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NorthSide Reaction

Is stretching and exercising in the morning bad for your back?

Every so often, an article will surface warning people not to exercise or stretch their back in the first two hours they are awake. This theory is based on the idea that the naturally occurring fluids in the spine (which rejuvenate overnight to protect the spine) are susceptible to premature drainage if the back is overworked or overstretched in the morning.

But before you give up your sunrise salutation pose, check out what Dr. Dan Laich, a neurological surgeon at the Chicago Back Institute and yoga enthusiast, had to say on the matter:

“From everything I have seen and personally experienced, stretching any time of the day is a good thing,” Dr. Laich said.

To his knowledge, studies and reports on the dangers of stretching in the morning have been inconclusive.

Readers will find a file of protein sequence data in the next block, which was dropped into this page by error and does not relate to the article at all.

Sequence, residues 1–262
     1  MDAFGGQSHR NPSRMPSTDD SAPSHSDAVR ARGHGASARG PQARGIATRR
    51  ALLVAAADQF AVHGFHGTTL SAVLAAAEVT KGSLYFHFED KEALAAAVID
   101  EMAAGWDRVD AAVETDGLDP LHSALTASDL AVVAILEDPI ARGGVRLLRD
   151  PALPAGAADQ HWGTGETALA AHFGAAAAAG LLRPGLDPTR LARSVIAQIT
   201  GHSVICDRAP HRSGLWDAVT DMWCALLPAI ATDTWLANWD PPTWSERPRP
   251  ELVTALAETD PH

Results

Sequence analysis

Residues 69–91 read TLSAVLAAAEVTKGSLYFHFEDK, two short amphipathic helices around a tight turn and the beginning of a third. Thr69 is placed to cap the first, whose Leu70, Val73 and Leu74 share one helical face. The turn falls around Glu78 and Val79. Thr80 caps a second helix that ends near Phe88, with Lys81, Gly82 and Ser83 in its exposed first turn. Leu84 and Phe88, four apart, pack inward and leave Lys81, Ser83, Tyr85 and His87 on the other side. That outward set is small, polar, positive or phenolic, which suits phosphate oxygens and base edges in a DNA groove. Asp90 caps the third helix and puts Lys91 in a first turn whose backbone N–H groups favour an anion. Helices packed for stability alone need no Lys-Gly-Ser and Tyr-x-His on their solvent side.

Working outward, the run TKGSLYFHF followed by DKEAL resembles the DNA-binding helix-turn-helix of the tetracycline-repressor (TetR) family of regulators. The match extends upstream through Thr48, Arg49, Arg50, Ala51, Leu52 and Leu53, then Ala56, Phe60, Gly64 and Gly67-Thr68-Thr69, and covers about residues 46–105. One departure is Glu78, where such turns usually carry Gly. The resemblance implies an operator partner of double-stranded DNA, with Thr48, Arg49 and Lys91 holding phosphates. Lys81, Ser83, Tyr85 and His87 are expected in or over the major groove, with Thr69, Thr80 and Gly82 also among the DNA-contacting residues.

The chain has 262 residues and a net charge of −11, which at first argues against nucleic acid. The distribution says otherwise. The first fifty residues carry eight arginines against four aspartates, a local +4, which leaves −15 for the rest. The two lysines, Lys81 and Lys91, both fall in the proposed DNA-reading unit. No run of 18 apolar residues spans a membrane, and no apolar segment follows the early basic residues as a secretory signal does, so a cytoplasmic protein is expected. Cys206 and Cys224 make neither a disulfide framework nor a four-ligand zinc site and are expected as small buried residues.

“There is no ‘right time’ to stretch or exercise for good back health,” Laich said. “Personally, I stretch in the morning, but do what works for you — if stretching in the morning seems to wear out your back, aim for another time.”

Just make sure you do stretch at some point every day. Stretching your back strengthens and lengthens the muscles, ligaments and tendons in your back, legs and neck. This improved flexibility often means less back pain and tension, and better spine protection.

When patients ask what stretches are best for the back, his response is always the same:

“Anything that stretches your hamstrings,” Laich said. “The strength and flexibility of your hamstrings impacts how you stand and the positioning of your sacroiliac joint [where your pelvic bones meet], which affects your posture.”

When your hamstrings are healthy and well-stretched, your spine will sit in a more neutral position, which translates to a healthier spine. He recommends having a slight arch in your back when you stretch your hamstrings (either sitting or standing), to stretch far enough just until it is tight, then let up a little and hold the stretch.

For more input from Dr. Laich and his colleagues at the Chicago Back Institute, check out their Well Community blog by clicking here.

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